St. Finnian of Clonard was a renowned Irish teacher, founder, and abbot. Finnian was born in 470 at Myshal in County Carlow, Ireland.
MANY YEARS OF FORMATION
While still quite young, he was sent to be tutored by Bishop Fortchern of Trim. Thus began a long journey of prayer and study that would dominate the majority of his life. The second stop of his journey of study was at Tours in present day France, then known as Gaul or Gallia. The monastery there, founded in the fourth century by the venerable St. Martin of Tours, was one of the preeminent scholastic centers of Europe at the time. It had a strong reputation for not only its scholarship, but also its asceticism and solemnity. While there, Finnian, in addition to his studies, learned monastic life, and embraced that manner of life for the sake of the Gospel.
From Tours, he went to study in Wales (western modern day United Kingdom). There, he studied at Llancarfan in Glamorganshire under the mentoring of the saintly Cadoc, Gildas and David. He transcribed copies of many of the classical writings of antiquity as well as the Vulgate (Latin) Scriptures as translated by St. Jerome. Between his time at Tours and Wales, Finnian spent approximately thirty years in his scholastic and prayerful formation.
RETURN TO IRELAND
At an unknown date, Finnian returned to Ireland. He first went to County Wicklow and was granted a piece of land by King Oengus of Leinster in order to erect a church. From there, he went to County Kildare, where at Dunmanogue he established a church and a small monastic community at Skellig Michael. He then went to Kildare, where he studied further and taught at [St.] Brigid’s great monastery. At Kildare, he earned a great deal of respect from Brigid, who was elderly at the time and who bestowed a gold ring upon Finnian at the time of his departure. A legendary story tells that she knew he would need it, and indeed, Finnian came upon a man who needed the gold to gain his freedom.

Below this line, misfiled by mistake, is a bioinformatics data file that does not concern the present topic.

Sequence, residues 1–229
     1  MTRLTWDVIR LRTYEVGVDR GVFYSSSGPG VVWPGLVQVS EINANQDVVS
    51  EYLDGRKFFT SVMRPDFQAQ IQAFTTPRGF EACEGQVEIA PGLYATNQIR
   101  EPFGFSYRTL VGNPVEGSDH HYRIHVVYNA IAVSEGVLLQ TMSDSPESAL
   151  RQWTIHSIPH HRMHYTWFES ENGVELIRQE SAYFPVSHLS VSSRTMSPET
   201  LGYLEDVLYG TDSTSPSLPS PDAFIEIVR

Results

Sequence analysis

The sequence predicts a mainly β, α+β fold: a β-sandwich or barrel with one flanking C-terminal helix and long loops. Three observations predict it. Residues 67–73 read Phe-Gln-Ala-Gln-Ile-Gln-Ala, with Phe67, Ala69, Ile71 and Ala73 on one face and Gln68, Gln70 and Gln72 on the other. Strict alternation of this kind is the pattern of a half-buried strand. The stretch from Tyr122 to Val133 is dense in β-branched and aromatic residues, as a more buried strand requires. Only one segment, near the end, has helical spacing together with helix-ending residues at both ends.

In 520, Finnian, now about fifty years old, arrived at Clonard, located between the kingdoms of Leinster and Meath, in present day County Meath. Because the land was unoccupied, he could use as much land as he needed. He set out with the intention of establishing a monastic center for prayer and study, but he began by constructing a single small cell and a simple chapel made of wood and clay. There, he resumed his life of prayer, study, and ascetic practices. By that time, his reputation as a learned, wise, and holy man was established and he attracted many men, including some who were themselves accomplished scholars.
A GREAT MONASTERY BEGINS
With time, Finnian formed a great monastery from its humble beginnings. He was a gifted teacher, and since he was firmly grounded in a life of simplicity and poverty, he was incorruptible and greatly respected by his students. The rule for his monastery was very strict, but he didn’t ask more of his students than he was willing to do himself, including sleeping on a hard floor as a discipline and penance. Each of the penances were practiced in order to counter the sinful tendencies to which we all are subject. So highly regarded were Finnian’s lectures, that at its peak, the monastery had over three thousand men listening to his instruction about the Holy Scriptures. The students, some of whom were from beyond the British Isles, were usually gathered in an open field, reminiscent of the manner in which Our Lord taught.
TEACHER OF THE IRISH APOSTLES
Among Finnian’s students were the “Twelve Apostles of Erin”, including [St.] Brendan the Navigator, [St.] Columba of Iona, [St.] Ciaran of Clonmacnoise, and [St.] Colmcille. In The Book of Lismore, it is recorded that each of these “Apostles” was sent out with a copy of the Gospels, a crosier (staff), and a relic (of a saint) to use to build his own church. A terrible plague struck the area, beginning in 549, and while tending to the victims, Finnian fell ill himself. In order to prevent the disease from spreading throughout the monastery, he left Clonard and went to Ross Findchuill, a short distance away. There he died at approximately seventy-nine years of age, after having received Viaticum from his student Colmcille. His remains were housed at Clonard until the ninth century, when an attack of Danish Viking marauders sacked the monastery. The Abbey Church was destroyed in the tenth century, and only some ruins remain.
St. Finnian of Clonard spent nearly half of his life in his formation of prayer and study, which he put to splendid use as a teacher and leader in his homeland. Yet, he was not so isolated as to make himself unavailable during a time of great distress in his elder years. The foundation of his great school had a profound influence in Ireland for centuries after his death, especially regarding the Holy Scriptures. Finnian was a contemporary of [St] Benedict of Nursia, the abbot who is credited as the founder of monasticism in the Western Church, and Finnian accomplished something similarly great in his own land. In Belfast, a monastery named Clonard preserves the memory of the great Scriptural teacher. St. Finnian’s feast day is December 12.